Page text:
A tiny idol of Annapurna made of ashtadhatu (eight metals – an amalgamation of gold, silver, copper, lead, zinc, tin, iron and mercury) was recovered by him from a certain spot that was revealed to him in the vision. Annapurna is the goddess of nourishment (she who wants you to be well fed always) and Durga personified. The boatman passed on the idol to his employer, my ancestor, who started this ritual of worshipping Durga on his land. Unknowingly he had started a legacy that has tempered the outlook of so many generations of my family after him.
Now the pujo is rotated among three family members – two of my father’s cousins and my father. Last year I flew back to Calcutta because my parents who are ageing away at a meteoric pace were sure it would be their last time celebrating it at home. ‘You never know,’ they said, and as much as it hurts, it is the inevitable truth of life I suppose.
As a child, I would wake up early and gather flowers in my skirt from beneath our trees. Some wild purple and white ones, blood-red hibiscus and then mounds of shiuli, the night-flowering jasmine. I would knit garlands out of those pretty night jasmine with their coral center and stems for presenting to the goddess. Then fast for the offering-of-flowers ritual that happened with chantings of shlokas by the family priest during the latter half of the mornings. I would sin by sneaking food into my library room from the kitchen during those times when I was supposed to fast, little orbs of goodness made up of coconut, sugar and milkmaid. Then noons of dressing up and escaping the family to spend time with friends at pandals where the young and beautiful flock together to observe each other with a gimlet eye. And day and night of feasting on delicious Bengali food that comes to an end with the final/10th day of the pujo when we immerse the goddess into the river.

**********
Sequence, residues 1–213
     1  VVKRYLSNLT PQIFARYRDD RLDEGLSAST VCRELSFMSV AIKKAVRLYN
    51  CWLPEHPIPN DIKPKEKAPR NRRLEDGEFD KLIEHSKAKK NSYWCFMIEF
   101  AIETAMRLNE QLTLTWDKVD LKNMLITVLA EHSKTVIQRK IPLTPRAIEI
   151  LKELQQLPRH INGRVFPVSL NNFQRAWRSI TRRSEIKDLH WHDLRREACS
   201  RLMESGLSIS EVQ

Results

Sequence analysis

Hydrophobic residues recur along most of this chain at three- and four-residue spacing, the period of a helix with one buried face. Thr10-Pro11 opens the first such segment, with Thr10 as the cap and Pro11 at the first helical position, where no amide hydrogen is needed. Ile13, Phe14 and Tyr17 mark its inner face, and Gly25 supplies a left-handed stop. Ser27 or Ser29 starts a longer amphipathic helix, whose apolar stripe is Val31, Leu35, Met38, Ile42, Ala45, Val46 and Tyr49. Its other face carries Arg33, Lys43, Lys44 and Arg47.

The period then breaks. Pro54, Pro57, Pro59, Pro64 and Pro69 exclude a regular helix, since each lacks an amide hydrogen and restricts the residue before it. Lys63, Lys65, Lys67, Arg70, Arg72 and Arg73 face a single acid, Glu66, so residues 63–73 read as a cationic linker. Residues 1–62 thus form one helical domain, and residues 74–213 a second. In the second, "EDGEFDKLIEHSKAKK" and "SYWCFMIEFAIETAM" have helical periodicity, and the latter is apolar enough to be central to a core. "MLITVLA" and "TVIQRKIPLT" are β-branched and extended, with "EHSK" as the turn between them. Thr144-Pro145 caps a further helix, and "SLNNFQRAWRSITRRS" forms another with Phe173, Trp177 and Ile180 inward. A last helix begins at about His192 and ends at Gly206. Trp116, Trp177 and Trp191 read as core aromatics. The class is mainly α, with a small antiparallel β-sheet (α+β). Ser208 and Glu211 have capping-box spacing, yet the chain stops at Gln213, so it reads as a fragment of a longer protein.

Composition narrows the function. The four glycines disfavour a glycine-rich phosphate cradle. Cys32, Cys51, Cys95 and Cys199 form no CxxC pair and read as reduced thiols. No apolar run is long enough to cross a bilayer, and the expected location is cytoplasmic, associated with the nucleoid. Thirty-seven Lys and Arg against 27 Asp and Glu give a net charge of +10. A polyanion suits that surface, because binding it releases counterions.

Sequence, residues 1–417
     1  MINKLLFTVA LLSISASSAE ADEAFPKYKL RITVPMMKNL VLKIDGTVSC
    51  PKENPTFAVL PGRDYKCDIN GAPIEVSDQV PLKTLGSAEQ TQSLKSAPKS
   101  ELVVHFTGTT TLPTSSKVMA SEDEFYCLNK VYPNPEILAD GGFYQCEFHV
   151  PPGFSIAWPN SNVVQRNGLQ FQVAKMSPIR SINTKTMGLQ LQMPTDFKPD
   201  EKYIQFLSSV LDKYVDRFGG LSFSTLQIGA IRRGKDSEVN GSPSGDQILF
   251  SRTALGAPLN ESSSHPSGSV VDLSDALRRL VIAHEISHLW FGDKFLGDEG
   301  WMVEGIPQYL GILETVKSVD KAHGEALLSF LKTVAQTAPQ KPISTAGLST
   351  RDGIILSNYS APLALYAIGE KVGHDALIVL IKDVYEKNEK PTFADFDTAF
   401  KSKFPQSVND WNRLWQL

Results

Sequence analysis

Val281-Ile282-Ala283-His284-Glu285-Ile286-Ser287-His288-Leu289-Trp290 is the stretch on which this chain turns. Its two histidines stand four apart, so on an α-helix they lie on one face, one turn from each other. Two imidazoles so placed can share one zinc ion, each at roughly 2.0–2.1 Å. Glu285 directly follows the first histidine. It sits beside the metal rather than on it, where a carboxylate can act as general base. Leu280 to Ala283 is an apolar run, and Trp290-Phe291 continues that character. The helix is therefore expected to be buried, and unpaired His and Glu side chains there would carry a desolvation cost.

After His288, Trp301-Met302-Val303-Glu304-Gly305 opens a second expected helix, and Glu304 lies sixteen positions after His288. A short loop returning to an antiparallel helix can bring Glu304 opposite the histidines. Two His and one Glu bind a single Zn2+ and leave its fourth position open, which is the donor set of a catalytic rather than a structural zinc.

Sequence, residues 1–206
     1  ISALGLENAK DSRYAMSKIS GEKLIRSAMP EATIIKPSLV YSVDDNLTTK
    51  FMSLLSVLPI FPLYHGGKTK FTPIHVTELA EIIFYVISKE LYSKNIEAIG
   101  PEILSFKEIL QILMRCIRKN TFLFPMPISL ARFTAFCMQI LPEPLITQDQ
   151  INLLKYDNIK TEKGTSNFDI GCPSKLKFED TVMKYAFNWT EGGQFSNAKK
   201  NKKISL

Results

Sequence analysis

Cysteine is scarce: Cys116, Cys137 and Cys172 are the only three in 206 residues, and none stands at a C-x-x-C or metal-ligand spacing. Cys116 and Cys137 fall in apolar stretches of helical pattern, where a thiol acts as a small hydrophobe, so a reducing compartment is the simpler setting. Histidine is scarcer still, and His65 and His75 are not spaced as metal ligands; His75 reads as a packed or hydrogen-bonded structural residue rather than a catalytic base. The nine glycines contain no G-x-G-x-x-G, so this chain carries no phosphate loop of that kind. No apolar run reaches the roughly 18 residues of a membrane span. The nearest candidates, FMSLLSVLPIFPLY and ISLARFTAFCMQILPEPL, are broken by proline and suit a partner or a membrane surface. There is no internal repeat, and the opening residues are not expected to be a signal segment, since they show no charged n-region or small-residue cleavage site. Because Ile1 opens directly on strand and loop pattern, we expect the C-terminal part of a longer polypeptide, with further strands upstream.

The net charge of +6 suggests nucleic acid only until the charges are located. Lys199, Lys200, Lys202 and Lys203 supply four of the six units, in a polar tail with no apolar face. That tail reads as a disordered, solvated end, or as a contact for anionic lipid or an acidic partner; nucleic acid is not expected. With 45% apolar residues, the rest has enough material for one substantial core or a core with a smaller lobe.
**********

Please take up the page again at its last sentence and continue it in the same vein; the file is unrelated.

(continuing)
That is when the entire family – the very old and babies barred – we all pile up into a large lorry and rumble down the roads with Durga and her sons and daughters and demon and chant, ‘Aschhe bochhor abar hobe‘ (roughly translated, ‘the following year she shall be here again’) before we slide her gently into the waters of the Hooghly and douse our grief with food, but of course. A feast that kicks off with giant fried sweets, followed up with plenty of fish cooked in mustard, mounds of rice, mouthwatering range of veggies and chutneys.
Autumn for me is the arrival of this festive air. It steals in upon me, arrival of the goddess when the breeze softens, when the skies put on their dreamy blue veil, the merest hint of winter in the air and the long white grass we call kaash phool, a sort of perennial white grass which sways in the wind with immeasurable softness and grace. As much of a non-believer as I am, I bask in the goodness of it because what would life be without traditions. As witty Whitman had declared without a trace of shame: ‘Do I contradict myself? Very well then I contradict myself, (I am large, I contain multitudes.)’